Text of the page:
Efficacy and safety of a modified dosage regimen of nesiritide in patients older than 75 years with acute heart failure

Department of Geriatric Cardiology, Chinese PLA General Hospital, China.
Aging - Clinical and Experimental Research (Impact Factor: 1.22). 03/2012; 24(5). DOI: 10.3275/8295
Source: PubMed


Background and Aims: To explore efficacy and safety of a modified dosage regimen of nesiritide in patients (≥75 years) with acute heart failure (AHF). Methods: Total 140 patients (≥75 years) with AHF were enrolled in this study. They were randomly and evenly divided into two group- control and nesiritide group. The control group received only conventional treatment for AHF, while the nesiritide group received conventional treatment plus a continual intravenous infusion of nesiritide at a rate of 0.0075~0.015 µg•kg-1•min-1 for 10-15 hours (total 0.5-1.0 mg) once daily for 13 days. Results: Medical research council scales in nesiritide group were significantly lower than those in control group on day 4, 8 and 14. Scores of edema had no significant difference, but were lower in nesiritide group on day 8 and 14. The nesiritide group had markedly more net body fluid losses. NT-proBNP, serum creatinine, blood pressure, cTnI, 30-day and 60-day mortality had no significant difference between two groups. Conclusions: Nesiritide resulted in improvements in dyspnea and edema, and similar adverse effects compared with conventional treatment. In spite of no reduction on short-term mortality and a reversible influence on renal function, nesiritide was still an important chioce for the elderly (≥75 years) with AHF.

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  • No preview · Article · Dec 2013 · Zhonghua xin xue guan bing za zhi [Chinese journal of cardiovascular diseases]
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    ABSTRACT: There are nearly 700,000 annual US emergency department (ED) visits for acute heart failure (AHF). Although blood pressure is elevated on most of these visits, acute therapy remains focused on preload and not afterload reduction. Data from recent prospective studies suggest that patients with AHF with concomitant acute hypertension benefit from intravenous (IV) vasodilators. To better understand the use of vasodilators for such patients, we conducted a systematic review of (1) currently available intravenous vasodilators for ED patients with AHF, or (2) intravenous vasodilators that are not yet available, but have completed phase III clinical trials in AHF, and may be available for ED use in the future. We used multiterm search queries to retrieve research involving nitroglycerin, nitroprusside, enalaprilat, hydralazine, relaxin, and nesiritide. A total of 2001 unique citations were identified from 3 databases: PubMed, EMBASE, and CINAHL. Of these, 1966 were excluded on the basis of established review criteria, leaving 35 published articles for inclusion. Our primary finding was that intravenous nitrovasodilators, when used in the treatment of AHF in ED and ED-like settings, do improve short-term symptoms and appear safe to administer. There are no data suggesting that they impact mortality. Other commonly used vasodilators such as hydralazine and enalaprilat have very little published data about their safety and efficacy. Of note, few studies enrolled patients early in their course of treatment. Thus, to assess the specific impact of vasodilator therapy on both short- and long-term outcomes, future research efforts should focus on patient recruitment in the ED setting. Copyright © 2014 Elsevier Inc. All rights reserved.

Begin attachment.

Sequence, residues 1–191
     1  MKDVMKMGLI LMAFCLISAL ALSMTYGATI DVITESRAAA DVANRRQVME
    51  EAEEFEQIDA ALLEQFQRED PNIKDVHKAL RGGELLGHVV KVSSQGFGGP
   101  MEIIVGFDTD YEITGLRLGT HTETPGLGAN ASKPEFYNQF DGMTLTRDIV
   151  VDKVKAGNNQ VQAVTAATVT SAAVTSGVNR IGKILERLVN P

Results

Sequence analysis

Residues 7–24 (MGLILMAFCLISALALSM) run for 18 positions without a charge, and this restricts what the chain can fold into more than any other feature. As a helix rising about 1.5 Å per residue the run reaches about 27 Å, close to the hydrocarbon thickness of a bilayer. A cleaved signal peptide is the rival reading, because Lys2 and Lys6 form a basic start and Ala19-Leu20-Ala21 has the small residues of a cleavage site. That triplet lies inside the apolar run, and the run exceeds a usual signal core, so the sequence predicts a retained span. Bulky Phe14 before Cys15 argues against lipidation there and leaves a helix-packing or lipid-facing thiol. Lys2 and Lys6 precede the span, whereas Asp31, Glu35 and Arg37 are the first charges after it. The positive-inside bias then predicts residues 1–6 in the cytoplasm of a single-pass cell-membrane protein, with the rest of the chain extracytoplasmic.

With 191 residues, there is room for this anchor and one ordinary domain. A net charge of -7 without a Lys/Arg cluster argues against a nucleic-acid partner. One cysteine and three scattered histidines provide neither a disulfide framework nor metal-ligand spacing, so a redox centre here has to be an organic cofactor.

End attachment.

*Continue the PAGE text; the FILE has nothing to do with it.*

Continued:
No preview · Article · Sep 2014 · American Journal of Emergency Medicine
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    ABSTRACT: Conflicting renal effects of nesiritide have been reported in patients with acute decompensated heart failure. To answer this controversy, we performed a meta-analysis of randomized controlled trials to evaluate the influence of nesiritide on renal function in patients with acute decompensated heart failure. Articles were obtained from PubMed, Medline, Cochrane Library and reference review. Randomized controlled studies that investigated the effects of continuous infusion of nesiritide on renal function in adult patients with acute decompensated heart failure were included and analyzed. Fixed-effect model was used to estimate relative risk (RR) and weight mean difference (WMD). The quality assessment of each study, subgroup, sensitivity, and publication bias analyses were performed. Fifteen randomized controlled trials were eligible for inclusion. Most of included studies had relatively high quality and no publication bias was found. Overall, compared to control therapies, nesiritide might increase the risk of worsening renal function in patients with acute decompensated heart failure (RR 1.08, 95% CI 1.01-1.15, P = 0.023). In subgroup analysis, high-dose nesiritide strongly associated with renal dysfunction (RR 1.54, 95% CI 1.19-2.00, P = 0.001), but no statistical differences were observed in standard-dose (RR 1.04, 95% CI 0.98-1.12, P = 0.213), low-dose groups (RR 1.01, 95% CI 0.74-1.37, P = 0.968) and same results were identified in the subgroup analysis of placebo controlled trials. Peak mean change of serum creatinine from baseline was no significant difference (WMD -2.54, 95% CI -5.76-0.67, P = 0.121). In our meta-analysis, nesiritide may have a dose-dependent effect on renal function in patients with acute decompensated heart failure. High-dose nesiritide is likely to increase the risk of worsening renal function, but standard-dose and low-dose nesiritide probably have no impact on renal function. These findings could be helpful to optimize the use of nesiritide in clinical practice.
    Full-text · Article · Jun 2015 · PLoS ONE